The 12 ECAC athletic directors got together Monday morning to decide what would happen as a result of the University of Vermont’s decision to cancel the remainder of its 1999-2000 season. With Vermont having played seven league games already, there were questions to be answered.
This morning, the athletic directors came to a decision.
But was it the right one?
Let’s break it down a little further.
The standings are now being decided by winning percentages, not by number of points. The point system, for this season, has become obsolete. Exactly what does this mean?
What it means is that the ECAC games the 11 remaining schools are playing are worth different values.
For instance, Cornell, Colgate, Clarkson and St. Lawrence will only play 20 ECAC games this season, meaning that each game is worth an even five percent in the standings. The remaining seven schools will play 21 ECAC games this season, meaning that each game they play within the league is worth 4.77 percent.
To put it simply, it means that wins or losses by Cornell, Colgate, Clarkson and St. Lawrence within the league are worth more than wins or losses by the other teams. A small difference, admittedly, but a difference nonetheless.
For example, if Colgate plays Rensselaer, the difference between winning and losing is 0.0477 in Rensselaer’s winning percentage — but for Colgate, the difference is 0.050.
Fair or not?
What if Yale and St. Lawrence are battling it out for the regular-season championship and Yale has finished its season at 14-6-1. The Saints finish at 13-6-1, missing one extra Vermont game. Yale wins the regular-season title based on winning percentage. Who is to say that St. Lawrence doesn’t defeat Vermont if the teams had played?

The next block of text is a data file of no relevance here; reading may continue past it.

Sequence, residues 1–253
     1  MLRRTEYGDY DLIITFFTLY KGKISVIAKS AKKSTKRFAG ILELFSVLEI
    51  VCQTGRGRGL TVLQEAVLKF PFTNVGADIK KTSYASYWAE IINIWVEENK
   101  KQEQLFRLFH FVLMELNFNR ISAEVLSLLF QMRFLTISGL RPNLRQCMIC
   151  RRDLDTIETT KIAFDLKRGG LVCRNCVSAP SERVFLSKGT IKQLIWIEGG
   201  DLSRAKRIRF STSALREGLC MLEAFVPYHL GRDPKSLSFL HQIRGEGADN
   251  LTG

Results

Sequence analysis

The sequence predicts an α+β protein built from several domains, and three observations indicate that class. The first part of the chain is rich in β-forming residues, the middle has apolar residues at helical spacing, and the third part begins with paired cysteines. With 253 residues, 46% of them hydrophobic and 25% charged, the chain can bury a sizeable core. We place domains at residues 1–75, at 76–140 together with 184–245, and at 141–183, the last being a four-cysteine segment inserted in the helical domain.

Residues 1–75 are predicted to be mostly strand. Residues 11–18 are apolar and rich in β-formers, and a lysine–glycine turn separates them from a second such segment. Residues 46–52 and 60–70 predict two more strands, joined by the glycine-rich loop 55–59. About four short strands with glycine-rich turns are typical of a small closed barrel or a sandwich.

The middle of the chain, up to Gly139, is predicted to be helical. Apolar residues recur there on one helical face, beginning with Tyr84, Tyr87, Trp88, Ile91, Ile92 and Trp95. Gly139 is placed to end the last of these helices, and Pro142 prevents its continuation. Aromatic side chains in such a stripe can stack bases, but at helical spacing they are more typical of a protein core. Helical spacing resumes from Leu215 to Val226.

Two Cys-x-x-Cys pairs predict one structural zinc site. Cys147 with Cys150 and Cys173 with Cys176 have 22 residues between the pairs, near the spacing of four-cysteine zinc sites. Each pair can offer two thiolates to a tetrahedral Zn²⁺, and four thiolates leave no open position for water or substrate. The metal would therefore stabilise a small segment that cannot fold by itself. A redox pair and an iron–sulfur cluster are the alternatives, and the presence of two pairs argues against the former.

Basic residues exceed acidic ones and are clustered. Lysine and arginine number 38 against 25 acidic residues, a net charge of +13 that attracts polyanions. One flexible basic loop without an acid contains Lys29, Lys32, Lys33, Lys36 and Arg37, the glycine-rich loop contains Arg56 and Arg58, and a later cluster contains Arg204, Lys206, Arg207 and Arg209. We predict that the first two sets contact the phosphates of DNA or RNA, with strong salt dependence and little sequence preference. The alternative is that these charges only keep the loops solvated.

Essentially, what is happening here is that even though most teams have 11 games remaining on their ECAC schedules, they don’t all count the same.
Fair or not?
Now take into account the statistical titles. Did you know that for every goal that Andy McDonald scores, Brad Tapper has to score 1.05 in order to match him?
If both Tapper and McDonald had 20 goals in league play, McDonald wins the scoring title because his per-game average would be 1.00 goal per game whereas Tapper’s would be 0.95 goals per game.
Every goal and assist in league play by Cornell, Colgate, Clarkson and St. Lawrence is worth five percent more than those goals and assists gathered by the other seven teams.
Fair or not?
Dartmouth had its schedule rearranged to prevent the Big Green having to play consecutive nights against a rested team. While this decision was good for the team, was it fair to others involved?
For example, you are a huge Dartmouth fan. You go to every single game. It’s off to Princeton and Yale for the weekend. But wait, the Yale game is on Friday and the Princeton game is on Sunday.
Okay, let’s stay in New Haven on Saturday and then go to Princeton on Sunday morning. I’m sorry, it’s how much for a room? I need to spend how much extra per weekend in order to watch the team I love?
What if Union was expecting a walk-up crowd of 50 percent for the Friday-evening matchup against Dartmouth and now that the game is on Thursday, that number is 10 percent? That’s 1,000 tickets at $6 a head, which means $6,000 in lost revenue for Union.
Fair or not?
While I feel for Dartmouth, it’s awfully hard to ask people to spend more or to lose money with the rearranged schedule. Budgets are tight these days and this is hard to take.
Some more questions that one has to ask regarding some of the decisions include:
A better solution would have been to find a way in which all games are worth an equal value, say by eliminating the seven ECAC games in which Vermont had already participated. That way, it would have been a 20-game league schedule, and all games would be worth five percent of the total. The way it stands now, it’s just not proper that some games have a different value than others.
All in all, a decision had to be made in a short time, but I am not convinced that the ones that were made were the right ones.